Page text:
In parallel, the anti-cancer properties of non-THC cannabinoids, such as cannabidiol (CBD), are linked to the modulation of non-CB1R/CB2R G-protein-coupled receptors, neurotransmitter receptors, and ligand-regulated transcription factors, which together modulate oncogenic signalling and redox homeostasis.
Additional evidence has also demonstrated the anti-inflammatory properties of cannabinoids, and this may prove relevant in the context of peritumoural oedema and the tumour immune microenvironment. This review aims to document the emerging mechanisms of anti-cancer actions of non-THC cannabinoids.”
“The pathophysiological relevance of the endocannabinoid system has been widely demonstrated in a variety of diseases including cancer, neurological disorders, and metabolic issues. Therefore, targeting the receptors and the endogenous machinery involved in this system can provide a successful therapeutic outcome.
Ligands targeting the canonical cannabinoid receptors, CB1 and CB2, along with inhibitors of the endocannabinoid enzymes have been thoroughly studied in diverse disease models. In fact, phytocannabinoids such as cannabidiol or Δ9-tetrahydrocannabinol are currently on the market for the management of neuropathic pain due to spasticity in multiple sclerosis or seizures in children epilepsy amongst others.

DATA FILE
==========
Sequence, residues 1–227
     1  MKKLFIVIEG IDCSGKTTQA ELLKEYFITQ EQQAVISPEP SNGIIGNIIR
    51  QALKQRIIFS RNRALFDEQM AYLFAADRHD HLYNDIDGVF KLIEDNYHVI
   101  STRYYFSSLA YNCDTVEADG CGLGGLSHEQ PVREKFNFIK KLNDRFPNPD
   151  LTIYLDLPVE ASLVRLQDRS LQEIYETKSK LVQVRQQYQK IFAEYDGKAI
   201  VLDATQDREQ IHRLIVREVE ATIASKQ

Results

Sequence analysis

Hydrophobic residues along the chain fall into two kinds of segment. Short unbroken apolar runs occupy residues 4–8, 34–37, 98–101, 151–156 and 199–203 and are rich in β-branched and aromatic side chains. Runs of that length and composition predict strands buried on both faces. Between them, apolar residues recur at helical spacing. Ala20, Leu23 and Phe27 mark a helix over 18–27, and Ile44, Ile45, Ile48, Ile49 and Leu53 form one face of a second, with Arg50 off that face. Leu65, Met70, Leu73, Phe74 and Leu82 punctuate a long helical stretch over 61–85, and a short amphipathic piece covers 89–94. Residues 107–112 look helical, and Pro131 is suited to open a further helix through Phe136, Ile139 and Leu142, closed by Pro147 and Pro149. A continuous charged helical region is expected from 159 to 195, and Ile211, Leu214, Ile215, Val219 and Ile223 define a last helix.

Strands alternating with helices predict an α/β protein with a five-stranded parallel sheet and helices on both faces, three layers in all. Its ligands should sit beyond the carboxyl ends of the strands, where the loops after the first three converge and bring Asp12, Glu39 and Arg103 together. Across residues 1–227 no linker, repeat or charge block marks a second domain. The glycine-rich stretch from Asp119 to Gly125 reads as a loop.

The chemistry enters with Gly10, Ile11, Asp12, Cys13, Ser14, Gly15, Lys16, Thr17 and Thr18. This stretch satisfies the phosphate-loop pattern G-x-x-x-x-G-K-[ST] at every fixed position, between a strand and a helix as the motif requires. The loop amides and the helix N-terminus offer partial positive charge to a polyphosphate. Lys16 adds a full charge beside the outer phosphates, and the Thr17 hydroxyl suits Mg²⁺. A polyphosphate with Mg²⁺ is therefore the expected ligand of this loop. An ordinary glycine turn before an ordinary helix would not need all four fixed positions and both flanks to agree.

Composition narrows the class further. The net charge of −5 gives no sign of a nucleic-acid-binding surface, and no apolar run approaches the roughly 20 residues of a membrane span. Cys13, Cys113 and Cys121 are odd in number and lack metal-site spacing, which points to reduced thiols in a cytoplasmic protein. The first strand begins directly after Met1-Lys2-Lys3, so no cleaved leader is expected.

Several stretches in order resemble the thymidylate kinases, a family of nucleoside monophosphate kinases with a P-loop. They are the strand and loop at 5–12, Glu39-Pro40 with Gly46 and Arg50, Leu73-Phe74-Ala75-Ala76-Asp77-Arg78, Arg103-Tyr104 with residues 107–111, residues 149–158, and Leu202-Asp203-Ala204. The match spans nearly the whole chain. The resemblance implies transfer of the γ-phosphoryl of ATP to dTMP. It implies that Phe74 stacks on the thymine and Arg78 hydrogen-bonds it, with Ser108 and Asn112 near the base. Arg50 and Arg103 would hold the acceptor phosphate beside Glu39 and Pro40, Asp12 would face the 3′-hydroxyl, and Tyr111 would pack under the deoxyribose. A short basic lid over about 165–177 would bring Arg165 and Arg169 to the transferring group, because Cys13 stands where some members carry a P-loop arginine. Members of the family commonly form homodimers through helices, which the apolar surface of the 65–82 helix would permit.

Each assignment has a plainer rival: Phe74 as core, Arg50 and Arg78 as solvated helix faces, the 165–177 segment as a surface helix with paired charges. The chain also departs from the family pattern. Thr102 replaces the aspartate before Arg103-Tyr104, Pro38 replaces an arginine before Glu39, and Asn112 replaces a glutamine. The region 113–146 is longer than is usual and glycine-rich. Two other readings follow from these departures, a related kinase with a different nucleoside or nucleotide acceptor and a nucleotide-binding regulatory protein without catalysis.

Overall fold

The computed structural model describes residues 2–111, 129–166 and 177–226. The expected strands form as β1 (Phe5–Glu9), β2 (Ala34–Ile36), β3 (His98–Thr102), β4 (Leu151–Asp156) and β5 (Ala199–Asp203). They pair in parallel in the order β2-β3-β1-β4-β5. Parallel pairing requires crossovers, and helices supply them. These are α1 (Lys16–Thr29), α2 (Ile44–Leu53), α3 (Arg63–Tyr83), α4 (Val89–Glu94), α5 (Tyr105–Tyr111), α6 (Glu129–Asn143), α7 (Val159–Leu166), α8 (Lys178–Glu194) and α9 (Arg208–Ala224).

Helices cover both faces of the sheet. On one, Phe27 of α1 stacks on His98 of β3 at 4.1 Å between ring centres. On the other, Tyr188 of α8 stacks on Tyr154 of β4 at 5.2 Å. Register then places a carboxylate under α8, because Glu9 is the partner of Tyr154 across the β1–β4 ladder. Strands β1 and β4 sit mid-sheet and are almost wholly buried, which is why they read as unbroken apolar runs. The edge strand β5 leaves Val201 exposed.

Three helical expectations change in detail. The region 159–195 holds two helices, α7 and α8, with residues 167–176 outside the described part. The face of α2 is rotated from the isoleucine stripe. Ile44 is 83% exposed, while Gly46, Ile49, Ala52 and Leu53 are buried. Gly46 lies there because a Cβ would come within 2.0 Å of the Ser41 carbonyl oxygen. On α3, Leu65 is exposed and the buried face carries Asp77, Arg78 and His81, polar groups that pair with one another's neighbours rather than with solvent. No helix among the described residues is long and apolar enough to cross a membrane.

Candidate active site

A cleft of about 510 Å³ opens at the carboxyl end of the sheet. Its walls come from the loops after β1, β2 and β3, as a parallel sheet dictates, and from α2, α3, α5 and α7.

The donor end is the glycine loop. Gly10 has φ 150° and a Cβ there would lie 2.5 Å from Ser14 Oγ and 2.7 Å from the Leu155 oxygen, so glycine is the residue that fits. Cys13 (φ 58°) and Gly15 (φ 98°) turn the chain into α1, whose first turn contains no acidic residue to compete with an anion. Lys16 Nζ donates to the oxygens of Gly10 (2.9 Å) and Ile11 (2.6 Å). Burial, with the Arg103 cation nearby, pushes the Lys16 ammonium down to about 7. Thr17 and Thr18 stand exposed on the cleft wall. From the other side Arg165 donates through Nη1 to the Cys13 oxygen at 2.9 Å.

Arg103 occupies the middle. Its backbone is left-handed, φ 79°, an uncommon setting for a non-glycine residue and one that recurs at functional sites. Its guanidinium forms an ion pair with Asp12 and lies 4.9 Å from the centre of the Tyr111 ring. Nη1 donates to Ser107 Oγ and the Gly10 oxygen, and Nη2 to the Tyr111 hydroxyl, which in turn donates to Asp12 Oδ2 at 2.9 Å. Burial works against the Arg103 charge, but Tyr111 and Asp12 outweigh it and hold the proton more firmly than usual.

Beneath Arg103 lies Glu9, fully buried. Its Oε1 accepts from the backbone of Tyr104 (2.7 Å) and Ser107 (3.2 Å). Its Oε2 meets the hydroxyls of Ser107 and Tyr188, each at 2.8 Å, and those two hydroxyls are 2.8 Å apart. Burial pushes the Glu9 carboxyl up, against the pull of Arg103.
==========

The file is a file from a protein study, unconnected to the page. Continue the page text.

Expert opinion: Even if orthosteric CB1 and CB2 ligands are on the forefront in cannabinoid clinical research, emerging strategies such as allosteric or biased modulation of these receptors along with controlled off-targets effects may increase the therapeutic potential of cannabinoids.”
“Multi-target approaches could be promising strategies for the treatment of endocannabinoid system-related disorders. The authors believe that phytocannabinoids are at the forefront of future clinical research.”
“Endocannabinoid synthesis in the human body is naturally occurring and on-demand.
It occurs in response to physiological and environmental stimuli, such as stress, anxiety, hunger, other factors negatively disrupting homeostasis, as well as the therapeutic use of the phytocannabinoid cannabidiol and recreational use of exogenous cannabis.
Together with their specific receptors CB1R and CB2R, endocannabinoids are major components of endocannabinoid-mediated neuromodulation in a rapid and sustained manner. Extensive research on endocannabinoid function and expression includes studies in limbic system structures such as the hippocampus and amygdala.
The wide distribution of endocannabinoids, their on-demand synthesis at widely different sites, their co-existence in specific regions of the body, their quantitative differences in tissue type, and different pathological conditions indicate their diverse biological functions that utilize specific and overlapping pathways in multiple organ systems.
Here, we review emerging evidence of these pathways with a special emphasis on the role of endocannabinoids in decelerating neurodegenerative pathology through neural networks initiated by cells in the main olfactory bulb.”
“The societal burden of ischemic stroke suggests a need for additional therapeutic categories in stroke prevention.
Modulation of the endocannabinoid system (ECS) is a rational target for stroke prevention because of its effects on inflammation, vascular tone, and metabolic balance, all well-described stroke risk factors.
In this article, we summarize the existing ECS clinical studies in human subjects’ research as they relate to conventional vascular risk factors associated with ischemic stroke.”